Blast From the Pasta



This day was bound to come. When I first thought about blogging comfort food, I considered some of my favorite dishes. Among them were the typical, burger and fries, pizza, ice cream, poutine, etc. On that list was also my favorite childhood comfort food, lasagne. 

lasagne2There’s something about trying to replicate a favorite dish from childhood. Even with the recipe it just never seemed to live up to those fond memories. I guess in many ways it’s not the recipe we seek with comfort food, but the memories.

lasagne3After the realization that that childhood lasagne couldn’t be perfectly cloned, I decided to work on my own version, though inspired by my mother’s. This lasagne has four components, each one with a particular purpose. The pasta is structural, separating all the layers. The meat sauce is a slow cooked ragù that is garlicky sweet with earthy tones of mushrooms, reduced in tomatoes and stock. The béchamel sauce delivers a creamy cheese note as it’s drizzled between every layer. And finally, one layer of cottage cheese to separate the multi-layered casserole. Oh yeah, and a whole lot of mozzarella cheese to bind all the layers together.

lasagne5Lasagne comes in all shapes and sizes, vegetarian, seafood, Mexican… it can be as minimalistic or as complex as you like. My version of lasagne is certainly an adaptation of the standard American lasagne. No matter what direction you take with this baked pasta dish, it only comes down to one thing — taste. Without a great sauce, white, red or green the lasagne will fall flat despite the number of layers piled up.


  • Servings: 8-12
  • Difficulty: Intermediate
  • Print


  • 1/4 cup olive oil
  • 450g (1lb) ground beef
  • 150g (about 8 slices) bacon, chopped 
  • 1 large onion, finely chopped
  • 1 stalk celery, finely chopped
  • 1 red bell pepper, finely chopped
  • 1 carrot, grated
  • 4-6 cloves garlic, minced
  • 1 cup mushrooms, sliced
  • ½ cup (125ml) tomato paste
  • 4 cups (1 liter) mushroom stock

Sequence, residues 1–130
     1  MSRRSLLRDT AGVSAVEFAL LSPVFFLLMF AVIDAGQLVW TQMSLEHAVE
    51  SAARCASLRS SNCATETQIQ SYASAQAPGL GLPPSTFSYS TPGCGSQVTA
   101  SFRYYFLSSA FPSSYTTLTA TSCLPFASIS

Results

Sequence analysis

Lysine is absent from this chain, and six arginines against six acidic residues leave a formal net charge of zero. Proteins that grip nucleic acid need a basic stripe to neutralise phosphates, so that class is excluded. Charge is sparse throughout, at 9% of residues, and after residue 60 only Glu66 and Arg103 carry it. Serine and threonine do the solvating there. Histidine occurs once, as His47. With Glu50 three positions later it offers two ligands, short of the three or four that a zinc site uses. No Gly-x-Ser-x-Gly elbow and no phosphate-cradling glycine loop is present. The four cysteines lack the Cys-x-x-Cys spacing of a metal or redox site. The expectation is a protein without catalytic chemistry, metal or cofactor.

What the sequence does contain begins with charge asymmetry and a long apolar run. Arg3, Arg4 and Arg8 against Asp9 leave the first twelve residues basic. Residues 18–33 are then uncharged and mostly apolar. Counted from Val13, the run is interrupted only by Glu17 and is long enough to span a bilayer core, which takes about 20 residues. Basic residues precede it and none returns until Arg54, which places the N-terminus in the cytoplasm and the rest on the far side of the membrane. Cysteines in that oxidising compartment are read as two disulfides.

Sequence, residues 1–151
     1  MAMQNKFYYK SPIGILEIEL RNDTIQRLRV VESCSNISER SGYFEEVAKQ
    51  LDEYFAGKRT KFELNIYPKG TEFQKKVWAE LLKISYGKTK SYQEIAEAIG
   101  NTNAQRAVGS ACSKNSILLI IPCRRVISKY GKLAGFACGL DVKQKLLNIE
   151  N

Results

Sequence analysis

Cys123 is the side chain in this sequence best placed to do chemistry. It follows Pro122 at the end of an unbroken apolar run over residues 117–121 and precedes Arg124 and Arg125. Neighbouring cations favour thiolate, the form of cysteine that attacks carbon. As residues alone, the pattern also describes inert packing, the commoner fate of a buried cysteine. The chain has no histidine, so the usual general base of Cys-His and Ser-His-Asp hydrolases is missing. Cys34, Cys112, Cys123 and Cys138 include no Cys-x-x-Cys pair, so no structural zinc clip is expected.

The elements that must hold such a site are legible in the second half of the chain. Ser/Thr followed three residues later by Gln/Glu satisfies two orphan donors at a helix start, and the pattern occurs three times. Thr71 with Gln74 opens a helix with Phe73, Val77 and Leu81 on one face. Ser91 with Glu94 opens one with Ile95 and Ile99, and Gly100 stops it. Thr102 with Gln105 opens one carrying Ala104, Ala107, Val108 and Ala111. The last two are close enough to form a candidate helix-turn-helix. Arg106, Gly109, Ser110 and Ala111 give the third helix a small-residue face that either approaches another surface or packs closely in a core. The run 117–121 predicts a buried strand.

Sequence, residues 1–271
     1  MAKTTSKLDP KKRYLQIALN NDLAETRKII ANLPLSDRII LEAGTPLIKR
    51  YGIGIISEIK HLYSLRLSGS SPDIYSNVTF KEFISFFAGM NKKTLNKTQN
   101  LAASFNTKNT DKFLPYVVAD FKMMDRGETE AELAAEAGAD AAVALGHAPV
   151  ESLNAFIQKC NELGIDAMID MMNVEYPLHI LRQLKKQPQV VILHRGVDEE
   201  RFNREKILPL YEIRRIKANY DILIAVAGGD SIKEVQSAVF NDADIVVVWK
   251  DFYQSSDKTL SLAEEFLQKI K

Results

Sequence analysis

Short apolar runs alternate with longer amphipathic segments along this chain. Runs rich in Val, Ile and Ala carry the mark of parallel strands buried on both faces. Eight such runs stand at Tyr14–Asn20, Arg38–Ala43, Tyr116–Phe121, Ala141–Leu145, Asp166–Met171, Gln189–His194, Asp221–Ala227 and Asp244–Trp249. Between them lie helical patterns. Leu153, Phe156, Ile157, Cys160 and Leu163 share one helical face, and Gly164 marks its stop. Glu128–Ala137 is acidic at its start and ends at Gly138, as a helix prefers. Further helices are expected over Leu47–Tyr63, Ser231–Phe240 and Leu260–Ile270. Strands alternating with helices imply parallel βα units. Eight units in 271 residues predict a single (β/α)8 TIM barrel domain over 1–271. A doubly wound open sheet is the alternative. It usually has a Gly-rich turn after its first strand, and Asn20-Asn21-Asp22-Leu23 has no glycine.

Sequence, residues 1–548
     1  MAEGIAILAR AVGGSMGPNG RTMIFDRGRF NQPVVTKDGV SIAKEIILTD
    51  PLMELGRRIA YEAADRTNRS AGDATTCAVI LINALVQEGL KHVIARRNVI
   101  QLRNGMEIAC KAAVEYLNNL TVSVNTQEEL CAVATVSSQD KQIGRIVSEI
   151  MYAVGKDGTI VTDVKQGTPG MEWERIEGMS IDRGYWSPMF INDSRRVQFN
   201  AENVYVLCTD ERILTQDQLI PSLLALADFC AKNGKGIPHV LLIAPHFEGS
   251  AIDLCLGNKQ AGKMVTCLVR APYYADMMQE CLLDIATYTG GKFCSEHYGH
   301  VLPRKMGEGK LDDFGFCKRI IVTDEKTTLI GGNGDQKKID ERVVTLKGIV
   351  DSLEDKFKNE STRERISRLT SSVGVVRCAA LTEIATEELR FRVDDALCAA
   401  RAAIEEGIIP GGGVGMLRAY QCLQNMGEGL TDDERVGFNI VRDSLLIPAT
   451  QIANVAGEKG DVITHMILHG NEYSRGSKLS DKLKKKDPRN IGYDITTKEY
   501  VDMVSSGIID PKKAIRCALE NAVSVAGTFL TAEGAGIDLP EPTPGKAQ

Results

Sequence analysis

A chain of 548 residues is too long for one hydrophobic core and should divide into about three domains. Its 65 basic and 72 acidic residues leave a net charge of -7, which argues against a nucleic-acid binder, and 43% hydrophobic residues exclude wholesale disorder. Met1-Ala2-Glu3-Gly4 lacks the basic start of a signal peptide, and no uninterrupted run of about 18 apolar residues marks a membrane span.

• 3 cups (740g) crushed tomatoes
  • 3 tbsp sugar
  • 1½ tsp oregano
  • 1 tsp dry basil
  • 1 tsp dry thyme
  • 1 tsp dry marjoram
  • 1 tsp salt
  • 1/4 tsp black pepper

1. In a large pot over medium-high heat, add olive oil and chopped bacon. Cook until bacon is no longer pink. Then add the ground beef and continue cooking until browned, but break up the meat as it cooks.

2. Add the garlic and stir for about 2 minutes. Then add onions, celery, bell pepper, carrot, and mushrooms. Cook, stirring continuously, for 5 minutes. 

3. Add the tomato paste and stir in, cooking for another 4 or 5 minutes. Now add the mushroom stock and crushed tomatoes. Stir to combine. Finally add the herbs and seasonings. Turn heat down to low and let reduce for 2 hours.

Cottage Cheese Filling

  • 2 cups (500g) cottage cheese or ricotta
  • 2 tbsp fresh basil, chopped
  • 1 egg, lightly beaten
  • 1 tsp sea salt or kosher

Mix all the ingredients together and store in the refrigerator until needed.

Béchamel Sauce

  • 2 tbsp butter
  • 2 tbsp flour
  • 2 cups (500ml) whole milk 
  • 1 cup (250ml) grated Parmesan cheese
  • 1 tsp salt
  • ½ tsp grated nutmeg

1. In a small saucepan over medium heat, melt butter and cook in flour for about 3 or 4 minutes. The flour should be lightly golden, but not dark.

2. Whisk in the milk gradually to avoid lumps. Bring the milk up to boiling point, then remove from heat. Stir in cheese, salt, and nutmeg. Set aside until needed.

Lasagne (Pasta)

  • 4 whole eggs, room temperature
  • 4 cups flour
  • 1 tbsp olive oil

1. Combine ingredients by hand or food processor. Knead for 5-10 minutes. Wrap tightly in plastic and rest in refrigerator for at least 30 minutes.